How to Use Honeypots to Fight Spam

| Coding Tutorials

honeypot We recently released an awesome plugin named OSpam-a-not. This extension protects your forms from a flood of spam. At the moment it's only available for Joomla, but also we have plans to release a WordPress version.

The good news is that you can apply part of the OSpam-a-not code in any situation because it uses a "Honeypot" technique.

In this tutorial, I'm going to explain what a Honeypot technique is and how you can use it.

Step #1. The HTML code

Here's a sample HTML contact form with 3 fields:

  • Name
  • Email
  • Message

To follow this tutorial, save this code in a file called contact.html.

Disclaimer: Please note that this only a very basic contact form and this code shouldn't be used for a real website.


<form name="contact" method="post" action="contact.php">
    <div>
        <input type="text" name="name" value="" placeholder="Name" />
    </div>
    <div>
        <input type="email" name="email" value="" placeholder="Email" />
    </div>
    <div>
        <textarea name="message" placeholder="Message"></textarea>
    </div>
    <div>
        <input type="submit" name="submit" value="Submit"/>
    </div>
</form>

Step #2. The hidden field

So far this form looks like a regular contact page. Let’s add an input field inside the form with a dummy name:


<input type="text" name="name_here_goes" value="" />

We want the previous input field to be invisible for users, so we'll also add CSS to hide the display:


<style type="text/css">
input[name="name_here_goes"]{
    display: none;
}
</style>

This invisible field will work as a bait for spam bots.

Step #3. The PHP code

Now let's create a PHP file named contact.php with the following code:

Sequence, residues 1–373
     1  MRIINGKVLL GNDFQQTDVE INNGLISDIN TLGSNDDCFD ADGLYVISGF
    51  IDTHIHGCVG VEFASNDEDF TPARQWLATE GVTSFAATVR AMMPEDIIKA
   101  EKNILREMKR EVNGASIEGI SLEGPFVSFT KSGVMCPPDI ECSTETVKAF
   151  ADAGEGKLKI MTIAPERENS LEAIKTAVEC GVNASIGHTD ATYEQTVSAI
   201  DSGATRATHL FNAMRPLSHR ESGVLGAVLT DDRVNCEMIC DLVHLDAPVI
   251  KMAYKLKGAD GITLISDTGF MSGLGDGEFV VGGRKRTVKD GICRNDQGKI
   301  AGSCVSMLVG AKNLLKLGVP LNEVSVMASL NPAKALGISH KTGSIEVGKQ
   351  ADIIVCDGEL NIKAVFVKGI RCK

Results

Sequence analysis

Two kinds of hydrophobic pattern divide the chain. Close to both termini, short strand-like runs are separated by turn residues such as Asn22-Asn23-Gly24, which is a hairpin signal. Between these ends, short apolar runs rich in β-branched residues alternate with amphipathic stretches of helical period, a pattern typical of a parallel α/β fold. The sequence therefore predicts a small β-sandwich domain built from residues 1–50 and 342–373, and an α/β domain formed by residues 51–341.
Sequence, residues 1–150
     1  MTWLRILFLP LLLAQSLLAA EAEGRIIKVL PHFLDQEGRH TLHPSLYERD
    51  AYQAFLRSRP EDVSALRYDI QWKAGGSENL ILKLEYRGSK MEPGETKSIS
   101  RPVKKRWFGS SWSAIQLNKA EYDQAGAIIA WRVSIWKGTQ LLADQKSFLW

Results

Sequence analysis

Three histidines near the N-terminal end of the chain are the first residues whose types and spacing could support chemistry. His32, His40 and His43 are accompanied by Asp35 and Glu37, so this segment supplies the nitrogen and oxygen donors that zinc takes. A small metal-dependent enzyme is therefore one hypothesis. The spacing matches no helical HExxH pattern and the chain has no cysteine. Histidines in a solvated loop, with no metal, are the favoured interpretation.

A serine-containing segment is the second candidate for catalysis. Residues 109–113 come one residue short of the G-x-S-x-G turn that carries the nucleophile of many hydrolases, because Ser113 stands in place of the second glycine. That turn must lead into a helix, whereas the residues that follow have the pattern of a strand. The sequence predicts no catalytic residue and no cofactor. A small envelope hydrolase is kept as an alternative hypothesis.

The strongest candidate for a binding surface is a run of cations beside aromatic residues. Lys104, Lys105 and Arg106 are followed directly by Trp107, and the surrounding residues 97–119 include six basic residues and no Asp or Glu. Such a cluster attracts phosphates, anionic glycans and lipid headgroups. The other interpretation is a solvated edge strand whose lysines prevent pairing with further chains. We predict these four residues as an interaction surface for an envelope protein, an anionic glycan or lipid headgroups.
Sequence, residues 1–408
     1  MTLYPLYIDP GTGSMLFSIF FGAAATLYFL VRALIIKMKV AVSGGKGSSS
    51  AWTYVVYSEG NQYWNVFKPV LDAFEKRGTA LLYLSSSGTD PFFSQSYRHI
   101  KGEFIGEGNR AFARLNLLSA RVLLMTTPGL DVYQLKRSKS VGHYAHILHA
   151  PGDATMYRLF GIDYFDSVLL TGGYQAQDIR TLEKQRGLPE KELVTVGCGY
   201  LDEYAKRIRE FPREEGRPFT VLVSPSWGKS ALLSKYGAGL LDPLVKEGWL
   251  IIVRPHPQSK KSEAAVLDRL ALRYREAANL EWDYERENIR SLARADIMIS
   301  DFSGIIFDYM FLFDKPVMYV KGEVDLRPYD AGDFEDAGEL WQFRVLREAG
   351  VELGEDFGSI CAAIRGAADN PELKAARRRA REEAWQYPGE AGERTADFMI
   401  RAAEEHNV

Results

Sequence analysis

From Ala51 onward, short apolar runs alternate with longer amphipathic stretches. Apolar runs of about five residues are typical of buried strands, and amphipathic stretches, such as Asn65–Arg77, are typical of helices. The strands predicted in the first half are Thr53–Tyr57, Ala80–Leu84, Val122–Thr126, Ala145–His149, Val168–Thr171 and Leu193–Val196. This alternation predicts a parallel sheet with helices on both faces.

<?php
// Section 1.
if( $_POST['name_here_goes'] == '' ){
    
    // Section 2.
    if ( !empty($_POST['name']) && !empty($_POST['email']) && !empty($_POST['message']) ) {
    
        $to         = 'to@nomail.com';
        $subject     = 'Contact Form';
        $message     = $_POST['name'] . ': ' . $_POST['message'];
        $headers     = 'From: ' . $_POST['email'] . ' ' . "\r\n" .
                      'Reply-To: ' . $_POST['email'] . '' . "\r\n" .
                      'X-Mailer: PHP/' . phpversion();
    
        // Section 3.
        if ( mail($to, $subject, $message, $headers) ) {
            echo 'Email sent. Congrats!';
        }
    }else{
        echo 'Please fill all the info.';
    }
    
}else{
     
     // Section 4.
     echo 'Spam detected!';
     
}

Let's split the code in 4 sections to explain the purpose of each one:

  • Section 1. This checks to see if the invisible field is empty.
  • Section 2. This validates that all the fields are filled in.
  • Section 3. This sends the email.
  • Section 4. If the invisible field is not empty, the form is being submitted by a bot and the email is not sent.

By adding our invisible field name_here_goes we trick the bots because they automatically fill in all the fields. The key to the Honeypot technique is that the email only can be sent when this field remains empty.

Step #4. Test the result

Upload both files into your server. You won't receive spam emails from this contact form!


About the author

Valentín creates beautiful designs from amongst the tequila plants of Jalisco, Mexico. You can see Valentín's design work all over this site and you can often find him helping members in support.